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Starbucks betting big on green tea Frappuccino

 Starbucks researcher Jessica Gurry pours a freshly blended Tazo green tea Frappuccino at Starbucks headquarters.  
 (The Spokesman-Review)
Starbucks researcher Jessica Gurry pours a freshly blended Tazo green tea Frappuccino at Starbucks headquarters. (The Spokesman-Review)
Associated Press

SEATTLE – Move over mint mocha chip. Here comes green tea Frappuccino.

Today, Starbucks Corp. is rolling out the latest blend of its creamy, frozen drink in U.S. and Canadian stores, plus an iced green tea and tea-lemonade mix for the more calorie conscious.

The world’s largest specialty coffee maker is hoping to capitalize on the growing popularity of green tea, fueled in large part by studies suggesting it’s good for the heart and might lower cancer risk.

Rich De Pencier, vice president of Starbucks’ beverage unit, said green tea Frappuccino has done well in Asia, where the tea has been a staple for centuries.

The new Frappuccino debuted in Taiwan and Singapore in 2001 and has since been added in Japan, the Philippines, Thailand, Korea, Hong Kong and Malaysia. It’s made with matcha tea – tea leaves that are picked young and pulverized into a powder.

Starbucks ran a market test in New York City and Vancouver, B.C., two years ago. It took some tweaking to get the recipe right.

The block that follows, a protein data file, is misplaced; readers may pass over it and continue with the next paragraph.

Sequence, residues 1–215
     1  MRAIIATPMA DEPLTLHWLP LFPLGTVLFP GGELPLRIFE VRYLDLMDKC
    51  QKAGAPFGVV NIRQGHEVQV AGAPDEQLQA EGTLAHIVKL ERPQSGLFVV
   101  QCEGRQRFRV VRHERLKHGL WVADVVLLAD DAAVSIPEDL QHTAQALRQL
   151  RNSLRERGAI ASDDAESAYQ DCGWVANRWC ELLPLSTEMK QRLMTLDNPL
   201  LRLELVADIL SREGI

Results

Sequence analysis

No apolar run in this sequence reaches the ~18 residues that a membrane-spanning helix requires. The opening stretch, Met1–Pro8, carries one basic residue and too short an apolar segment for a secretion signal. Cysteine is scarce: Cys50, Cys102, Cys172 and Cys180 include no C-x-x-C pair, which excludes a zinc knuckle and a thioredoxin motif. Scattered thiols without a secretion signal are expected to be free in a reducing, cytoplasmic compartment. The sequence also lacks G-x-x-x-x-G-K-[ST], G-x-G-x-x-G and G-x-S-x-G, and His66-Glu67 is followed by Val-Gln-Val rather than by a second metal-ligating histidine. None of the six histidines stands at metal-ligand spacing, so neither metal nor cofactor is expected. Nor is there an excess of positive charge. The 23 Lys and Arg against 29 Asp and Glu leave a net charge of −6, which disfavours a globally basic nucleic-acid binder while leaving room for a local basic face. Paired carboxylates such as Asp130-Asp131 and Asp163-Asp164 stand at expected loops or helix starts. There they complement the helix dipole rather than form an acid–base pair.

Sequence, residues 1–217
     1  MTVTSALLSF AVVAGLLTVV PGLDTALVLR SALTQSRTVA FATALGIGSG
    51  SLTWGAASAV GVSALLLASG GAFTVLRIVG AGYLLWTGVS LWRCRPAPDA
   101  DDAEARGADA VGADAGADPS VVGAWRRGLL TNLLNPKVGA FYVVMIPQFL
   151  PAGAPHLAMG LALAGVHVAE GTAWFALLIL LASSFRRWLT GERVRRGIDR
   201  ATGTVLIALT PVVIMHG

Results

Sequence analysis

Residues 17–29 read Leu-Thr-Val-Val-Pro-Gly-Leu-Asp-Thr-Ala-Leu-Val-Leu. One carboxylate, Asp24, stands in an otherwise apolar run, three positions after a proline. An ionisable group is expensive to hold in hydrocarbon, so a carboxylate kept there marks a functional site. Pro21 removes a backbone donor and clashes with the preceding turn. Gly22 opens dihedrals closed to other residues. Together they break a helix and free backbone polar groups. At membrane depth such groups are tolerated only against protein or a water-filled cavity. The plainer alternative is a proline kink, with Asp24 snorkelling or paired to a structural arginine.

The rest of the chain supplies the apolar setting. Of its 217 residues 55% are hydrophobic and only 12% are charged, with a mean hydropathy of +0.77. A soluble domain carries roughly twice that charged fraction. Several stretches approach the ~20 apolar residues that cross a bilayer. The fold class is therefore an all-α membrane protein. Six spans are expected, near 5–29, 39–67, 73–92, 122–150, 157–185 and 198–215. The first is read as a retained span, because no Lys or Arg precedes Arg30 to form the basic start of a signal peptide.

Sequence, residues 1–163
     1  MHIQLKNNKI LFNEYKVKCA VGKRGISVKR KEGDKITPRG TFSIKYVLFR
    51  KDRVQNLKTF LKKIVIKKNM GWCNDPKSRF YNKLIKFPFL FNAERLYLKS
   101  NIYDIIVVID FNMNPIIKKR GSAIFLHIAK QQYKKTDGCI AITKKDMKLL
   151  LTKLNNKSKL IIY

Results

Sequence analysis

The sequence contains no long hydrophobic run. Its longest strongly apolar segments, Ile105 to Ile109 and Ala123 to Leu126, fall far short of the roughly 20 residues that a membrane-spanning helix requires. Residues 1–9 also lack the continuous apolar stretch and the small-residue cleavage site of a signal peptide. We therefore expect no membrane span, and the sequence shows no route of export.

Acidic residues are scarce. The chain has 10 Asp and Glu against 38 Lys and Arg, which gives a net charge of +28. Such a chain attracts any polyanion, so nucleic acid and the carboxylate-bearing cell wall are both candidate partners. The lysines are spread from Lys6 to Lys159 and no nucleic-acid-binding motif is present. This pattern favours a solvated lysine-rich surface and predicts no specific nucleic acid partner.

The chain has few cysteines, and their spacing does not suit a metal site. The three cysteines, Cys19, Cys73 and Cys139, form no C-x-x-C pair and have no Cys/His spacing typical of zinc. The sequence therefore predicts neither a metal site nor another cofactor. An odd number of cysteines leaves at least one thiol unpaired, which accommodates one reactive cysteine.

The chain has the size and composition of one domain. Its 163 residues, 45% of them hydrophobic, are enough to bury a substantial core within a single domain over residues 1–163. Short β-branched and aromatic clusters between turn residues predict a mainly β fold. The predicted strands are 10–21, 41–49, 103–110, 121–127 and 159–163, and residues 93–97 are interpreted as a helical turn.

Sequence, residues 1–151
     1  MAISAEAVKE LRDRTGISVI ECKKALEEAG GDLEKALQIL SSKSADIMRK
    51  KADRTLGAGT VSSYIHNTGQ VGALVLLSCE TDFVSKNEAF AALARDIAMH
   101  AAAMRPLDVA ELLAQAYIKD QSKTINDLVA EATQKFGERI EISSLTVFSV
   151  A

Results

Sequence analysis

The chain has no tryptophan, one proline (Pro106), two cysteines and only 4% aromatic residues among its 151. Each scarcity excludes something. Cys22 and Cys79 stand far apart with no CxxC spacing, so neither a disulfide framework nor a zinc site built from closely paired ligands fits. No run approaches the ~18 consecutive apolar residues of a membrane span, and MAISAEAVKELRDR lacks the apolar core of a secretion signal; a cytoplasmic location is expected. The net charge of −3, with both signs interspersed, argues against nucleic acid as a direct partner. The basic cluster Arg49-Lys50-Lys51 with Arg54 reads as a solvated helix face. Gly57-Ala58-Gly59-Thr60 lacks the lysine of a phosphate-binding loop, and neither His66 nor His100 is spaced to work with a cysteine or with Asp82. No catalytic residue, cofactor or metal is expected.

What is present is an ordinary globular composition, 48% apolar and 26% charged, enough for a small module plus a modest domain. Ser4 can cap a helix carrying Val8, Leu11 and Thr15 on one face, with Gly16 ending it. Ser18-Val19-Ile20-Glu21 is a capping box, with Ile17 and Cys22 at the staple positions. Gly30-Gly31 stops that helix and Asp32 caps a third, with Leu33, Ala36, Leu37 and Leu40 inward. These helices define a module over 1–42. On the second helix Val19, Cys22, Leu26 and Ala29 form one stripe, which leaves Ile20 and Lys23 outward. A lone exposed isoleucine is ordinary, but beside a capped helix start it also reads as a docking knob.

“People who really, really love the flavor of green tea like that real edgy, sort of vegetable green tea flavor to it. … For the average consumer in the U.S., we had to smooth it out and blend it down a bit,” said Norm Ouellette, Starbucks’ vice president of research and development.”

The shaken iced green tea and tea-lemonade will probably remind U.S. tea lovers of two similar lines Starbucks made in 2003: a shaken iced black tea and tea-lemonade, and a shaken iced passion tea and tea-lemonade made with a hibiscus-based herbal infusion.

Both the straight green tea and the lemonade mix are brewed from a green tea blend that includes hints of peppermint and lemongrass.

The new drinks will be in stores through Sept. 30.

All tea comes from the same plant, camellia sinensis. Unlike black tea, green tea leaves are steamed or baked soon after they’re plucked – thus the hue.

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